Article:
Invermay a world leader, Israeli says

Israeli scientist Elisha Gootwine says Invermay is a world leader when it comes to agriculture...
Israeli scientist Elisha Gootwine says Invermay is a world leader when it comes to agriculture research. Photo by Peter McIntosh.
A visiting Israeli scientist says Invermay's facilities are the envy of researchers around the world and he was shocked to hear of plans to slash jobs there.

Elisha Gootwine, who works for the Israeli Government-run Volcani Institute of Agricultural Research as a sheep geneticist and reproductive physiologist, said Invermay had the ''best set-up'' he had seen for sheep research.

''They have everything that a scientist could dream about, in terms of genomics, reproduction and meat science. Not only for sheep, but also for deer,'' Dr Gootwine said.

He was envious of the Invermay facilities and shocked to hear of plans to cut about 80 jobs and move them north to Lincoln.

Based on similar changes made in Israel, he said it would be very difficult to replace any scientists who decided not to make the move north.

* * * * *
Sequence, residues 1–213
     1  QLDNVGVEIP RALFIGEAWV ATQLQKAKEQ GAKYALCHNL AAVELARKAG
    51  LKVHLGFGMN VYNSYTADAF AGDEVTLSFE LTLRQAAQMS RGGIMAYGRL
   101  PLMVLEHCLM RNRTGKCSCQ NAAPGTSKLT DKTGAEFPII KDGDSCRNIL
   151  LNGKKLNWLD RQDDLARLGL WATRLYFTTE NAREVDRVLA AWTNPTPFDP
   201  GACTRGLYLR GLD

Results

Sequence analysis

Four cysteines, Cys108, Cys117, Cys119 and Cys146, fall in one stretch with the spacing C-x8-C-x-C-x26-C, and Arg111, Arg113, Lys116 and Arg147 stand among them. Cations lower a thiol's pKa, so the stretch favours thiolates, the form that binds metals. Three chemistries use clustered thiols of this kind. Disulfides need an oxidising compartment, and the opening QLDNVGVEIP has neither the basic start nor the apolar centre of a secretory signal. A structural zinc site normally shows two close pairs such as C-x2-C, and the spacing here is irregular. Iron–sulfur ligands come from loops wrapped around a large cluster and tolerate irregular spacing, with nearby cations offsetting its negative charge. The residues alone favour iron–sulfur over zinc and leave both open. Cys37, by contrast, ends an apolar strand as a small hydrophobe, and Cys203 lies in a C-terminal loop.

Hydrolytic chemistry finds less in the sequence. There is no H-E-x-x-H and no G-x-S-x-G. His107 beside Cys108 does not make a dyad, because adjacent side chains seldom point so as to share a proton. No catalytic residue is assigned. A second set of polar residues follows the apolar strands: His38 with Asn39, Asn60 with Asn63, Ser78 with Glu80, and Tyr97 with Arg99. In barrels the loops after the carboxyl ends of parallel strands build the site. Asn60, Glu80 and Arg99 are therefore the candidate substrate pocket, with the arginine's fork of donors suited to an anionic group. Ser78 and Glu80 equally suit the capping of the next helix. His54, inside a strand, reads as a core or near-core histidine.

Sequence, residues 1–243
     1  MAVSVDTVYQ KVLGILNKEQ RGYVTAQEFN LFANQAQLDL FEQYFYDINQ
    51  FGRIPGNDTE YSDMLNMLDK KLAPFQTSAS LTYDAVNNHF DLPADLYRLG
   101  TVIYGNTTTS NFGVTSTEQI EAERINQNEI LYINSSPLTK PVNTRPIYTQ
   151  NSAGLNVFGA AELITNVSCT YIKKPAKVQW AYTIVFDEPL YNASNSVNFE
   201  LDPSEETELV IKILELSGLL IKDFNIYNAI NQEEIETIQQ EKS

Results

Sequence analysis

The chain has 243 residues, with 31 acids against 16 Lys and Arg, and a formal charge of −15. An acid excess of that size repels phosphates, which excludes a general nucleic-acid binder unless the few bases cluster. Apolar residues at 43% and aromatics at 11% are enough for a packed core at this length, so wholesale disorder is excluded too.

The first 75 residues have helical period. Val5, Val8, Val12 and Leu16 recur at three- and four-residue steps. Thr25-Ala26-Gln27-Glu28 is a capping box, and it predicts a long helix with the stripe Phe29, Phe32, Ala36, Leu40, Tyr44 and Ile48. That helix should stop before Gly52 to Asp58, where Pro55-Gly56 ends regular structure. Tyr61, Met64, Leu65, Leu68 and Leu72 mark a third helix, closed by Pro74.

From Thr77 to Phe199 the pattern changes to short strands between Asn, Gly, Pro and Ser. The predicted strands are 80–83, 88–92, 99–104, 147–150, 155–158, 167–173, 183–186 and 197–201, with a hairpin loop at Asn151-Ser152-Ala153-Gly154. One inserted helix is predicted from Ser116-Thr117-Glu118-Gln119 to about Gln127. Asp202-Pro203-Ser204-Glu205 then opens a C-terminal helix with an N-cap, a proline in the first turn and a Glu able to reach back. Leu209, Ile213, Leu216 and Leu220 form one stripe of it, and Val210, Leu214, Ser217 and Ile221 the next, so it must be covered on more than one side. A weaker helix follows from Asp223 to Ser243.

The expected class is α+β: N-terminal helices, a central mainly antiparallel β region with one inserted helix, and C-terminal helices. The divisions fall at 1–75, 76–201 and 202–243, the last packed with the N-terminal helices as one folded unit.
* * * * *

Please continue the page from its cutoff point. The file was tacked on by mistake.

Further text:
''The important thing in science is the people. If you want to make good science, you need to keep the scientists,'' he said.

He had visited Invermay as part of a sabbatical 20 years ago and noted the number of staff had shrunk since then.

He believed more staff should be based at Invermay to take advantage of the excellent facilities.

''I was very proud to tell everybody that I am coming down to Dunedin and this is one of the best places in the world if you are interested in sheep science.

''As a scientist, it will be a shame for me to see such a unit closed.''

Some of his research had used sheep raised at Invermay.

''We got some animals that were raised here and developed here and we used them for crossbreeding in Israel and we developed our new varieties.''

AgResearch acting chief executive Andrew McSweeney said in a statement it valued work done at Invermay, but believed research would be better served by moving staff to Lincoln.

''We believe . . . co-locating more of our scientists with other scientists doing complementary work will fuel more collaboration and knowledge sharing and deliver greater returns for New Zealand farmers.''

On the issue of losing expertise, Mr McSweeney said: ''Roles are not proposed to relocate before 2016 and we are committed to continuing to talk to our staff, listening to their concerns and supporting them throughout this transition.''

-vaughan.elder@odt.co.nz

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